Raghavan: I think when you pick a large work group, partition it into teams, have them go do their thing, come back, and talk to each other and, you know, there have been walls in between, and nobody knew what the other side was coming in with. There's a lower level of class think instead of a different world, the world we live in, where these 100 people, as one of us is creating the project plan and some of the details, the others are already jumping in and saying, "Hey, this I'm not sure I agree with," right? There's an openness that it leads to.
Raghavan: And I've been at the tail end of projects that have entailed 100, 200 people, and things come out with much better consensus and much more trust. And even if I pull in the leads from 12 different teams, they're all nodding in unison and saying the same things, right? Which is a great feeling.
Hardy: If there are defects or difficulties, and you spot them early on...
Hardy: You tend to have a much lower cost of improvement...
Raghavan: That's right.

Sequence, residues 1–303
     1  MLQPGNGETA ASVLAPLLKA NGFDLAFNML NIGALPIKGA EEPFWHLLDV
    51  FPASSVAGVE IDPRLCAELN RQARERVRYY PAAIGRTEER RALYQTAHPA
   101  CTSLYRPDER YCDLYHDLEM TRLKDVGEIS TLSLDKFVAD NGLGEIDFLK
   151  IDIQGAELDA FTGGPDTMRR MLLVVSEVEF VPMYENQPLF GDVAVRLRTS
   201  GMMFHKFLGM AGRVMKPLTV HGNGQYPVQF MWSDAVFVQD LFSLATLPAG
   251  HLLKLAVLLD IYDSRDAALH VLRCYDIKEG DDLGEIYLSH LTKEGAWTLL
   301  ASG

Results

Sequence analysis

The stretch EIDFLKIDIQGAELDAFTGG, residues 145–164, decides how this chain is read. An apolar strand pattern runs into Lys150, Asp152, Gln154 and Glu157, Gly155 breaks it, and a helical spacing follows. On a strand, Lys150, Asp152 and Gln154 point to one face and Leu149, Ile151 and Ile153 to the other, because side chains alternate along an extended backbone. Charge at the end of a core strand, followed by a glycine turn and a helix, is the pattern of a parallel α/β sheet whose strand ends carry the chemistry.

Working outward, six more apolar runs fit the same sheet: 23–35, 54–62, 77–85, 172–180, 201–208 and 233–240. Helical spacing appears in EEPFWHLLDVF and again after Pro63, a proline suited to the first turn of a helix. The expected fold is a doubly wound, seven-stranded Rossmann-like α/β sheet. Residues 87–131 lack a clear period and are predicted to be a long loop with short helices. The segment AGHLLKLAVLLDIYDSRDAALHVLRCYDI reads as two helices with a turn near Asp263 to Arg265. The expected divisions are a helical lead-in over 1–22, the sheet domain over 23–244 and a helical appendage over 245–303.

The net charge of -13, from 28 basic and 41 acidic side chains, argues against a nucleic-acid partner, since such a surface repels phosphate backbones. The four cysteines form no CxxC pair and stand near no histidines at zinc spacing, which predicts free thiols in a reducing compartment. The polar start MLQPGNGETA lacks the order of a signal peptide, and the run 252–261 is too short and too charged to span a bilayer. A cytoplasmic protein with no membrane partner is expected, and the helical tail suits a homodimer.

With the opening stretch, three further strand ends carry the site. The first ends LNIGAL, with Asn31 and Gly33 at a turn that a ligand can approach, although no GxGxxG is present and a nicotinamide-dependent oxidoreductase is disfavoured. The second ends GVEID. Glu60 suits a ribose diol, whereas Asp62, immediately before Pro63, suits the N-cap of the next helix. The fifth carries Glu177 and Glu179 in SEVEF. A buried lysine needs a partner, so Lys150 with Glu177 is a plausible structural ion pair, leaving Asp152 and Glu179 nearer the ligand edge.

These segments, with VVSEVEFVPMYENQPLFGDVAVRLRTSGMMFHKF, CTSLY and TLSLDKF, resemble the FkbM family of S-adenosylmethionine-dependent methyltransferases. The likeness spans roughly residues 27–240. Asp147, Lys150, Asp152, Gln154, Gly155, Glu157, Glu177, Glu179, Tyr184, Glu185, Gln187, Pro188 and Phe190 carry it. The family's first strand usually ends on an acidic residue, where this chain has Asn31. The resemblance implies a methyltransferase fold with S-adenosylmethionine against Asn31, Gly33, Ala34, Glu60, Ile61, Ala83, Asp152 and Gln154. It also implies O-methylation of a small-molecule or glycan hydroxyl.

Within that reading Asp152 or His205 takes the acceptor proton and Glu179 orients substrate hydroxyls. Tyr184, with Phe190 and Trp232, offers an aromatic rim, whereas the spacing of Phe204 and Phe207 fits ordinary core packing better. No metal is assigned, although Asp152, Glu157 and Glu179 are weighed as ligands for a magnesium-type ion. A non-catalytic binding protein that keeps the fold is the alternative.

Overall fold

Hardy: And making something good. And in a shared document, you are heading towards a definition and a common understanding much faster than you are...
Raghavan: That's right.
Hardy: If you have five versions of an email going around.
Raghavan: Which, yes, exactly right. And, you know, people who have studied classical disciplines, like industrial engineering and optimization, recognize this because there's
all these local minima, and for everybody to find themselves in the same global minimum is, is always a challenge, right? And then you have to shake the organization around until that happens. Here, you don't have to because it happens through natural osmosis.
Hardy: For those who don't know about it, describe the Jamboard.
Raghavan: Okay, the Jamboard, as you'll see it, is a physical, digital whiteboard that you wheel in and you write on and so on. What makes it unique and different is everything you're doing in the Jamboard, whether it's freeform handwriting, or bringing an artifact from the web, from Google Drive, etc., is apparently happening on the board, but, in reality, happening in the cloud. So, the board actually sits in the cloud. What that means...